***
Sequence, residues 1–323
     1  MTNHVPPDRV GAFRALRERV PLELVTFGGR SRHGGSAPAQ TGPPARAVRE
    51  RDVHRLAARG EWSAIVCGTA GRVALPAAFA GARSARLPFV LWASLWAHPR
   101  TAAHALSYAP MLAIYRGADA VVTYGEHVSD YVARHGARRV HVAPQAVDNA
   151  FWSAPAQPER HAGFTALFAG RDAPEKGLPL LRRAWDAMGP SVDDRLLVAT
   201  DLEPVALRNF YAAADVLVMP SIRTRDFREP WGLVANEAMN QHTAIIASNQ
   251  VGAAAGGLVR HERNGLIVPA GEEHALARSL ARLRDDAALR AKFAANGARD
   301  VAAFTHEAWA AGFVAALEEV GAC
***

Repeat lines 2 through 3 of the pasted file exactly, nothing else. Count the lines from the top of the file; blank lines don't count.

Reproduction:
     1  MTNHVPPDRV GAFRALRERV PLELVTFGGR SRHGGSAPAQ TGPPARAVRE
    51  RDVHRLAARG EWSAIVCGTA GRVALPAAFA GARSARLPFV LWASLWAHPR